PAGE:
> > >> How can I do that?

    >
    > > > 1. Study the entire data sheet, not just the timing diagrams.
    > > > 2. Come up with a VHDL design for the FPGA that will control the
    > > > CODEC.
    > > > 3. Come up with a VHDL model for the CODEC. Maybe you can get it from
    > > > the supplier, maybe you'll have to write it yourself based on your
    > > > understanding of the part that was gleaned from step #1. If you don't
    > > > have the understanding to write such a model yourself, then you also
    > > > most likely don't have the understanding to successfully complete step
    > > > #2.

    >
    > > Of course, if you write it yourself, any *mis*understandings will be
    > > duplicated in the FPGA and the CODEC model, so the simulation will
    > > work fine.

    >
    > That can be true but I've also found that I tend to have a totally
    > different mindset when I'm writing the code for the model of a
    > 'something' than I do when I'm writing the code for the control of
    > that 'something'. That difference tends to cut down on some of the
    > duplication of misunderstandings. In any case, demonstration in a
    > simulation environment of correct operation as you understand the part
    > to operate is a minimal first hurdle that one should clear before
    > wasting time debugging real parts...unless the boss sees time spent
    > simulating as not being productive (although it is) and time spent
    > with scope/logic analyzer probes in hand as being productive (which
    > it's not when it gets excessive).
    >
    > > And real life won't!

    >
    > That's when the learning lesson kicks in about making the effort to
    > model the part sufficiently...cuz that's when the boss is ticked
    > because you assured him/her that the design would work and now it
    > 'taint. That learning lesson will also sharpen your mind about what
    > types of things to include in the model and which can be shortcut
    > since modelling the complete behavior of a complex part on your own is
    > time wasted as well.
    >
    > > Not that I've ever had that problem, honest :)

    >
    > Me either...but I have had to dumb down my wonderful models to match
    > the obviously insane, ridiculous behavior of some parts ;-)
    >
    > KJ



    No Kevin,

    That's not for money I'm still learning it. Anyway, I have one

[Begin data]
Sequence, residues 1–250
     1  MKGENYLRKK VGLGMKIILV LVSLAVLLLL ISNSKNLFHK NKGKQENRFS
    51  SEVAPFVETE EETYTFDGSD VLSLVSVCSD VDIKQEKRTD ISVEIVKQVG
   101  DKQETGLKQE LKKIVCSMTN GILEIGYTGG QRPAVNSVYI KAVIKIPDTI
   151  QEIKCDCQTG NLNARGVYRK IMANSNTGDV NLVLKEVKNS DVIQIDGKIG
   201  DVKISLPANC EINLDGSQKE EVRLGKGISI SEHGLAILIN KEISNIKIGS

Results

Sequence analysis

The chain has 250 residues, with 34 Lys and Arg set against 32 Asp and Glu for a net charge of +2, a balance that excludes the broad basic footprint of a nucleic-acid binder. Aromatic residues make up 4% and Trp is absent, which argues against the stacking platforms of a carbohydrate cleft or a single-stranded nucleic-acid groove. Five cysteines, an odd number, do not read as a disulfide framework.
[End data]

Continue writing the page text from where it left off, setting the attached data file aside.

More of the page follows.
question for you guys. In the page 15 which explains the slave mode I
    see several signals and as far as I understand there must be two ways:

    1) simulation using counters
    2) simulation base on State Machine such as MOORE.

    Please correct me if I'm wrong.

    Now, do I need 4 counters here or should I consider BCLK (Bit Clock)
    as well?

    Thanks.
     
    Amit, Mar 19, 2008
    #13
  14. KJ <> writes:

    > On Mar 18, 10:40 am, Martin Thompson <>
    > wrote:
    >> KJ <> writes:
    >> > On Mar 17, 2:54 am, Amit <> wrote:
    >> >> How can I do that?

    >>
    >> > 1. Study the entire data sheet, not just the timing diagrams.
    >> > 2. Come up with a VHDL design for the FPGA that will control the
    >> > CODEC.
    >> > 3. Come up with a VHDL model for the CODEC.  Maybe you can get it from
    >> > the supplier, maybe you'll have to write it yourself based on your
    >> > understanding of the part that was gleaned from step #1.  If you don't
    >> > have the understanding to write such a model yourself, then you also
    >> > most likely don't have the understanding to successfully complete step
    >> > #2.

    >>
    >> Of course, if you write it yourself, any *mis*understandings will be
    >> duplicated in the FPGA and the CODEC model, so the simulation will
    >> work fine.  
    >>

    >
    > That can be true but I've also found that I tend to have a totally
    > different mindset when I'm writing the code for the model of a
    > 'something' than I do when I'm writing the code for the control of
    > that 'something'. That difference tends to cut down on some of the
    > duplication of misunderstandings.


    Yes, I think that's true, but it's something you develop over time.
    My early TB models tended to look very synthesisable, which usually
    means more like the "other end". Nowadays they're much smaller and
    full of weird software-like things, which scares traditional HDL
    people :)

    > In any case, demonstration in a simulation environment of correct
    > operation as you understand the part to operate is a minimal first
    > hurdle that one should clear before wasting time debugging real
    > parts


    Yes!

    Of course, occasionally, you think "That's a trivial piece of code,
    I'll just stick it in the hardware and off we go"... Then you go back
    and simulate it when it doesn't work and you've no idea why :)

    <snip
    >
    >> Not that I've ever had that problem, honest :)
    >>

    > Me either...but I have had to dumb down my wonderful models to match
    > the obviously insane, ridiculous behavior of some parts ;-)
    >


    :) I like that description!

    Cheers,
    Martin

    --

    TRW Conekt - Consultancy in Engineering, Knowledge and Technology
    http://www.conekt.net/electronics.html
     
    Martin Thompson, Mar 19, 2008
    #14